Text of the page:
U.S Embassy And Partners Mark 16-Days Activism
A giant step has been taken as part of efforts to deal with violence against women.
In this vein, a very interactive awareness workshop on violence against women has been held.
The United States (U.S.) Embassy in Ghana, in partnership with Mobile Web Ghana, a technology hub, hosted the workshop on Tuesday.
It was on the theme: 'Understanding the Rights of Women and Girls'.
The workshop is part of the activities to commemorate the U. S. Government's observation of the 16-Days of Activism against Gender-Based Violence (GBV), which is a global event spanning from November 25 to December 10, 2018.
The event convened more than 50 stakeholders from civil society organisations, law enforcement agencies and diplomatic missions, to discuss ways in which gender-based violence posed pervasive barriers to women's empowerment and economic growth.
Mr Christopher J. Lamora, the Charge d'Affaires of the U.S. Embassy, who opened the workshop, spoke about the harmful consequences of gender-based violence, saying, it served as a primitive barrier to women's empowerment and economic growth.
He indicated that whether domestic or intimate partner violence, street harassment and violence in public spaces, or sexual harassment in the work place, they all had direct negative impact on gender equality and women's economic empowerment.
He further noted that settings that permitted such violence or harassment did not only discourage women from work, but also result in emotional or other physical trauma that rendered women less likely to go to work, hence reducing productivity levels of the economy.
Mr Lamora highlighted on the important role that women played in the socio-economic development pace globally, and stressed that when women are 'safe at work', and realising their full potentials, it would generate positive dividend for society as a whole.
He said there was currently growing global consensus on women's economic empowerment as a force multiplier for good governance, economic growth, and poverty eradication.
'We all know that gender-based violence is a global challenge that crosses boarders and cultures. Preventing and responding to violence against women and girls requires all of us to take action,' calling on governments, individuals, the private sector and civil society, to take immediate action through strengthened advocacy.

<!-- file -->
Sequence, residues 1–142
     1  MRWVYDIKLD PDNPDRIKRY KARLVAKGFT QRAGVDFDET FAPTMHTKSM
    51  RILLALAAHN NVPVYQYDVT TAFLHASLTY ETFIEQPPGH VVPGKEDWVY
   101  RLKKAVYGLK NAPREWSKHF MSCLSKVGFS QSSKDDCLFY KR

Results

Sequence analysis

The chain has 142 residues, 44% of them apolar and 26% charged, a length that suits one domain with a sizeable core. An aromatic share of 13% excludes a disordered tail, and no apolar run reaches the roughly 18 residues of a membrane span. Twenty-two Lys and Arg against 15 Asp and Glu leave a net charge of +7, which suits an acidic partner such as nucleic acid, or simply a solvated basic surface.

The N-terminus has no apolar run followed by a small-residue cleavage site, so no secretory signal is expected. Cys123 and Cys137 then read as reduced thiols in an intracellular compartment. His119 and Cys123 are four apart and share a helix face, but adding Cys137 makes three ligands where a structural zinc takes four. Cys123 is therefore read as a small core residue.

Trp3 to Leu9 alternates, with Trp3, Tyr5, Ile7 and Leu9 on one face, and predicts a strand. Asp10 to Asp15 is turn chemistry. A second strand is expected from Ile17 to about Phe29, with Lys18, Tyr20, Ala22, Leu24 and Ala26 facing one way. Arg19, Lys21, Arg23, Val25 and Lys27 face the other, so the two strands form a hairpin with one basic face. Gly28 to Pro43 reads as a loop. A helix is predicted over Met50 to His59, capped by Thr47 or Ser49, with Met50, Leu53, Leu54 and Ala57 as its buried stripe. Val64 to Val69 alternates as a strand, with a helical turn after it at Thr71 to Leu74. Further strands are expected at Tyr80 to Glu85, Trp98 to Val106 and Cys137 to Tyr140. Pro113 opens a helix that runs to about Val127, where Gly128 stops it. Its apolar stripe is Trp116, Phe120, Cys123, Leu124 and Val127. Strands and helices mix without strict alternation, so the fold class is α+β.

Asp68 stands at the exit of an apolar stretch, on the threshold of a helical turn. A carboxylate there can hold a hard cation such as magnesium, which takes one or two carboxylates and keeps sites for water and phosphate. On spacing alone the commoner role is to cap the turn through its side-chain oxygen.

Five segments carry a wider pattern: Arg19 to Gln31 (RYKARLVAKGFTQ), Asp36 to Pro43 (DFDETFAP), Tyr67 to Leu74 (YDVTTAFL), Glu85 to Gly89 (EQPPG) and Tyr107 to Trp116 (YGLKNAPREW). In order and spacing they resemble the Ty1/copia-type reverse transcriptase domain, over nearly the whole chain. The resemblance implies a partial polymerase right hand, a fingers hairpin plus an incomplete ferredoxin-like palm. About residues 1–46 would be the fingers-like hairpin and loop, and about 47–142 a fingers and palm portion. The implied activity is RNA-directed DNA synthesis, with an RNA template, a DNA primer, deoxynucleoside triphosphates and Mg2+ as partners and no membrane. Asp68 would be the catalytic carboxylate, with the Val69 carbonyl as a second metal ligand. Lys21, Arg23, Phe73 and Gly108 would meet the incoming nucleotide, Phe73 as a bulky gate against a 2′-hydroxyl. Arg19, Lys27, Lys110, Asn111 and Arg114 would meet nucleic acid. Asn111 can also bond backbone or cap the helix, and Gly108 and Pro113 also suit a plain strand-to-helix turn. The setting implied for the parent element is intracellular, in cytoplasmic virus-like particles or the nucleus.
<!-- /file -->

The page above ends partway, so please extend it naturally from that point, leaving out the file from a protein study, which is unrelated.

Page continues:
This was to help deepen the public's understanding of the rights of women and girls in order to promote gender equality and advance the status of women and girls globally.
Mr Lamora said with this in mind, the U. S. Embassy was supporting economic empowerment of women through channels including the African Women's Entrepreneurship Programmes, and also for law enforcement responses in cases of gender-based violence.
He said through the West Africa Regional Training Centre, the U. S has provided training to Ghanaian Police Officers on responding to domestic violence and other sexual and gender-based violence, leadership training for women in law enforcement, as well as learning platforms for both women and young girls.
'Yet educating young girls is only effective if we also make boys and men to embrace gender equality and reject traditions and norms that oppress girls and women. Empowered women need the support and advocacy of men for real change to occur,' he said.
Ms Florence Toffa, the Chief Executive Officer of Mobile Web Ghana, said her outfit had since 2010 been supporting this course by providing space for technology entrepreneurs.
She said Mobile Web Ghana has been providing training in web design, mobile application development as well as mobile technology for the youth and women in mobile entrepreneurships.